Make in-game item prices high because they will only fall over time, says Supercell

Make in-game item prices high because they will only fall over time, says Supercell
'What's the biggest mistake you can make a free-to-play games?'

That was the opening question from moderator Bret Terrill at the panel talk at Supercell's Free Your Play 2013 event.

"Stop being innovative," said Tommy Palm from King, harking back to Ben Cousins' keynote.

"Making a bad game," said Lassi Leppinen, Clash of Clans' product lead at Supercell.

"Having your game pay-to-win," said Tom Putzki, head of communications, at Wargaming.

He had a specific example too. Famously, Wargaming had to remove its best-selling in-game item from World of Tanks - a Chinese tier 8 tank - because it was so powerful and unbalancing the entire gameplay.

Leppinen also had a point to make.

"You need to make the prices [for in-game items] high in the beginning because you can't increase them later. Prices will drop down over time anyhow," he said.

From the gut

Of course, metrics is a large part of mobile game development. Everyone wants to know how the most successful companies use the data they receive; most don't what to share any details, though.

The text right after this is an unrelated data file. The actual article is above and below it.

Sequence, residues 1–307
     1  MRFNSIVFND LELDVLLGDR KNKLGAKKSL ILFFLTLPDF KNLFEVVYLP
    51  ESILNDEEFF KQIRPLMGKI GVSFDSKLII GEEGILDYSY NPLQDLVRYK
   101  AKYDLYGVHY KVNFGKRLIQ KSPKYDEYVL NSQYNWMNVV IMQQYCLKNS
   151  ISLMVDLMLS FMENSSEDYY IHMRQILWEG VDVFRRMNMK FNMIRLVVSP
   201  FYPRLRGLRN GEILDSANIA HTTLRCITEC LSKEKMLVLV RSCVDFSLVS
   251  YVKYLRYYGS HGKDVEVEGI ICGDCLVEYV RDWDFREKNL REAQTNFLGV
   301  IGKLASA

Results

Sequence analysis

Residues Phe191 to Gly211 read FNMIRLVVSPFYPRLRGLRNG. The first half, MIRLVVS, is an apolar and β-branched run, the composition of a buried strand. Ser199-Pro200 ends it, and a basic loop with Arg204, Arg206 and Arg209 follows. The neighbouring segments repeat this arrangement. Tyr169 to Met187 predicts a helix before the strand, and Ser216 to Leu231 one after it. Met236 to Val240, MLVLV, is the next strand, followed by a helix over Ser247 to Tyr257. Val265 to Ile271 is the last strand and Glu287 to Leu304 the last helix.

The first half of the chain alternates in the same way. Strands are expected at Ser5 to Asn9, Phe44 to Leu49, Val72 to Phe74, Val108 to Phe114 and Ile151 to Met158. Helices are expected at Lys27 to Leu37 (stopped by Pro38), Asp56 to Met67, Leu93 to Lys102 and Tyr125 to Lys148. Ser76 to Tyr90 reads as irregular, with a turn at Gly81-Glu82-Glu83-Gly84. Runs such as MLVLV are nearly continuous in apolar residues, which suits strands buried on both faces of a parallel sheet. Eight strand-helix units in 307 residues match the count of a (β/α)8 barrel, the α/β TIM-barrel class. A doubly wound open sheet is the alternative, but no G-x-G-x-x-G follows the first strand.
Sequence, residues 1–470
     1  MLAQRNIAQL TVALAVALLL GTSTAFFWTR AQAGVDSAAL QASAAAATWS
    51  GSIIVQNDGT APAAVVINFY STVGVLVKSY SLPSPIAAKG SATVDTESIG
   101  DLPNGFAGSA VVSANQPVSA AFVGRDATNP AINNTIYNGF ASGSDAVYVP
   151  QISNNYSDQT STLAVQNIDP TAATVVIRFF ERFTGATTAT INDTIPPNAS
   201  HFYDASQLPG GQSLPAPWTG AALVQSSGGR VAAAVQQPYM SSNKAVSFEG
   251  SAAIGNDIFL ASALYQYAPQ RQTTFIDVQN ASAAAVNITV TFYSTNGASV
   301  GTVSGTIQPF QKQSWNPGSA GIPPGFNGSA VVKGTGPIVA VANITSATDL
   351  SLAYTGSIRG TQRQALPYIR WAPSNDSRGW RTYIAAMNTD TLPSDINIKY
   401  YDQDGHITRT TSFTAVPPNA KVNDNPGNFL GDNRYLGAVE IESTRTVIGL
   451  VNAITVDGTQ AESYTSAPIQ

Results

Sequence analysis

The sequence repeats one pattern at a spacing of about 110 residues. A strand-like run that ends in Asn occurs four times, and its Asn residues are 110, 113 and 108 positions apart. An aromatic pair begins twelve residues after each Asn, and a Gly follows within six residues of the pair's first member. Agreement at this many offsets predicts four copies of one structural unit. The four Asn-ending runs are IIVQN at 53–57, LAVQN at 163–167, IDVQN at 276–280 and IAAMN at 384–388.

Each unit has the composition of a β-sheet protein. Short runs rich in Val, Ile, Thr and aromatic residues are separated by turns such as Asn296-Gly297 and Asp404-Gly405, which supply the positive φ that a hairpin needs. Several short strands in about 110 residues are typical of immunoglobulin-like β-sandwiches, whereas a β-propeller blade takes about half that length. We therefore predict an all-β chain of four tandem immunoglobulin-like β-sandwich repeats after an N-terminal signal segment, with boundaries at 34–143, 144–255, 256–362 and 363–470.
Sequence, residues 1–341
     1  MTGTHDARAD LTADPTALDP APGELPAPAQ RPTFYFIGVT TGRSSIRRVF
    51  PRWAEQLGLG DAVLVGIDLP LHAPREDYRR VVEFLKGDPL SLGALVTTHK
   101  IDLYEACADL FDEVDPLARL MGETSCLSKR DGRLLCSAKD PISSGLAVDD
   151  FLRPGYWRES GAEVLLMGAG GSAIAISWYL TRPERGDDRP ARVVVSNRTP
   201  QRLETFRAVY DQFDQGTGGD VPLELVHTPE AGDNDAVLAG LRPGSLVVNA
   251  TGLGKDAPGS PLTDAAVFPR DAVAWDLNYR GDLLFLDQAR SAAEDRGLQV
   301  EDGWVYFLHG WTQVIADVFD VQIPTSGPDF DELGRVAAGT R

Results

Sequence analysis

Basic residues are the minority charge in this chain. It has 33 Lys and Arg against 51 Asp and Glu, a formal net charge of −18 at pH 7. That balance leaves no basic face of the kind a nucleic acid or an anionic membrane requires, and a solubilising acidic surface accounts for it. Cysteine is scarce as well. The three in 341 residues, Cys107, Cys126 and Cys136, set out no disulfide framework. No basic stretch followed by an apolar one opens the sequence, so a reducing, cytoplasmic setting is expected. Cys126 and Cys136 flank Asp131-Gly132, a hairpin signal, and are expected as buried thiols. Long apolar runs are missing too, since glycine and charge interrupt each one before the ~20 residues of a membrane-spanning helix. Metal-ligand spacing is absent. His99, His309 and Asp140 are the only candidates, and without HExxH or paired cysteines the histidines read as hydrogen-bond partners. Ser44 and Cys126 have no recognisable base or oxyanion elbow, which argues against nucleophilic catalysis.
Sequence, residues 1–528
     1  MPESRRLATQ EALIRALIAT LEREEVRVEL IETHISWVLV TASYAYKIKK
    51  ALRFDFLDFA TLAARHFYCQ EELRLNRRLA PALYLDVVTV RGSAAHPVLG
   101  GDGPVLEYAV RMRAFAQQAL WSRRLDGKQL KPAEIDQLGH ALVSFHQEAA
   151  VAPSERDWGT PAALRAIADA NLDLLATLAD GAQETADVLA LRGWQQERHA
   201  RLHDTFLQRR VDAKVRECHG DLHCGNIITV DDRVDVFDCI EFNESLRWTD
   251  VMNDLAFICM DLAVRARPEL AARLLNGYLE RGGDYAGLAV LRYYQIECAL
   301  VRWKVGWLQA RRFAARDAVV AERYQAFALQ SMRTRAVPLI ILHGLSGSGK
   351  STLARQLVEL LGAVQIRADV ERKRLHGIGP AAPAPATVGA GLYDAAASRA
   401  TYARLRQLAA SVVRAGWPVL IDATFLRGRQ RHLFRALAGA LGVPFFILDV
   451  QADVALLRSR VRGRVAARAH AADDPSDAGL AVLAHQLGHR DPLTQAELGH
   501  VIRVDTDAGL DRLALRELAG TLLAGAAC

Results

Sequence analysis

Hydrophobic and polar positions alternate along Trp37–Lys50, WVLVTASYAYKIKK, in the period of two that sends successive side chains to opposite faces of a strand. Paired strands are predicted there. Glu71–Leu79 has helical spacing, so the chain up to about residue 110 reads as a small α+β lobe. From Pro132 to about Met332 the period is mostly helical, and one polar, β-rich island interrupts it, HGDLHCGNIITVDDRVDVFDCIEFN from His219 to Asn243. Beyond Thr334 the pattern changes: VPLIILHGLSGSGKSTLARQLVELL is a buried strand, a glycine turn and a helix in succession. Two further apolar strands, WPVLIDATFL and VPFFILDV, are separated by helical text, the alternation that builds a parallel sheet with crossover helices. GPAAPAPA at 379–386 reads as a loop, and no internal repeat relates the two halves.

The panel agreed that the standard 40 percent day 1 retention, 20 percent day 7 and 10 percent day 30 was a good rule of thumb.

But being creatives, there is a trend of not totally relying (or admitting to rely) on analytics.

"We have been trying to follow our gut feeling and using analytics to back that up," Leppinen said.

Meanwhile Daisuke Yamamoto from GungHo spoke about taking advice from his wife, who is a keen player of Puzzle & Dragons.

Tommy Palm was also keen to give advice on tutorials.

"Make your tutorial and then make that your fifth level," he said, arguing you need to make many more easier levels, especially when like King you’re targeting a very casual audience.

Contributing Editor

A Pocket Gamer co-founder, Jon is Contributing Editor at which means he acts like a slightly confused uncle who's forgotten where he's left his glasses. As well as letters and cameras, he likes imaginary numbers and legumes.


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jon jordan
Thanks Paul - you are corrected, and it's corrected
Paul West
Hi Jon

Thanks for this interesting read. Just a thought:

""Having your game play-to-win," said Tom Putzki"

Do you think he meant "pay-to-win"?